In a recent Supreme Court (SC) case, G.R. No. 231238, dated June 20, 2022, the Court clarified the reckoning point of the 30-day period to file an appeal on the disputed assessment with the CTA if the taxpayer chooses to wait for the decision of the BIR Commissioner.

In the above SC case, when a taxpayer chooses to wait for the final decision of the BIR Commissioner, any issuance of a preliminary collection letter, final notice before seizure, and/or warrant of distraint and/or levy pending such final decision should not be the reckoning point of the 30-day period to file for an appeal with the CTA. Otherwise, the issuance of a preliminary collection letter, final notice before seizure, and/or warrant of distraint and/or levy will deprive the taxpayer of the remedy of waiting for the final decision of the BIR Commissioner on the appeal. Moreover, the preliminary collection letter, final notice before seizure, and/or warrant of distraint and/or levy are all considered tentative pending the decision of the BIR Commissioner on the appeal. Consequently, the taxpayer may file an appeal with the CTA within 30 days from the receipt of the BIR Commissioner’s decision.

Meanwhile, there may also be an instance where the protest is not acted upon by the Regional Director. In this case, the taxpayer may wait for the lapse of the 180-day period, counted from the date of filing of the protest (if the previously filed protest is in the nature of a request for reconsideration); or from date of submission by the taxpayer of the required documents within 60 days from the date of filing of the protest (if the previously filed protest is in the nature of a request for reinvestigation); then file an appeal to the CTA within 30 days from the lapse of the 180-day period. At any rate, if the taxpayer was not able to elevate the case to the CTA upon the lapse of the 180-day period, the lapse is not the end of the road for taxpayers, who can still await the FDDA.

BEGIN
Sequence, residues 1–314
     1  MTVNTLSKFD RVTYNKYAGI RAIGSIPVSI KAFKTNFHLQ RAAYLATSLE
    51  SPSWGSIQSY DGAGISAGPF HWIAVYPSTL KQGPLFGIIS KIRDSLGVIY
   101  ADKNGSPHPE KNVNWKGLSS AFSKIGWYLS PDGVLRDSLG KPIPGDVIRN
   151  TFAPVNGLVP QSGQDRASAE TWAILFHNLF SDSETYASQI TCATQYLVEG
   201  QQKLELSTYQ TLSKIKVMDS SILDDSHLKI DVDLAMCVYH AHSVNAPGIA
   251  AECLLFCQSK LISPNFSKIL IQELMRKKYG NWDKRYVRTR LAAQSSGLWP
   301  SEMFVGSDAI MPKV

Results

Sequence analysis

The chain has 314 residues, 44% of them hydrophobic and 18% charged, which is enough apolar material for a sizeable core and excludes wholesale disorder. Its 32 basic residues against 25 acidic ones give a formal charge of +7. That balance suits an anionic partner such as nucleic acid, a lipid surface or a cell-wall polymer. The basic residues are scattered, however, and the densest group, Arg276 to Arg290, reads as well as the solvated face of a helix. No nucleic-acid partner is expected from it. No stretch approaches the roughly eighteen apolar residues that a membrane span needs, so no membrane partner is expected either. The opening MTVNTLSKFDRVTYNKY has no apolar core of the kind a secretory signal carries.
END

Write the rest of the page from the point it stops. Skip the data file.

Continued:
While the BIR field audit, except for certain instances as per RMC 77-2022, may be suspended for now, we can look forward to its resumption in the coming months or so. In the meantime, taxpayers should be prudent in keeping abreast of tax updates and remaining well-informed about the available remedies in case of an unfavorable decision down the road.

Let’s Talk Tax is a weekly newspaper column of P&A Grant Thornton that aims to keep the public informed of various developments in taxation. This article is not intended to be a substitute for competent professional advice.

 

Jesson A. Doria is an associate of Tax Advisory & Compliance division of P&A Grant Thornton, the Philippine member firm of Grant Thornton International Ltd.

pagrantthornton@ph.gt.com

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  • Published: 2 months ago on August 15, 2022
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  • Last Modified: August 15, 2022 @ 12:02 pm
  • Filed Under: Economy, Editor's Pick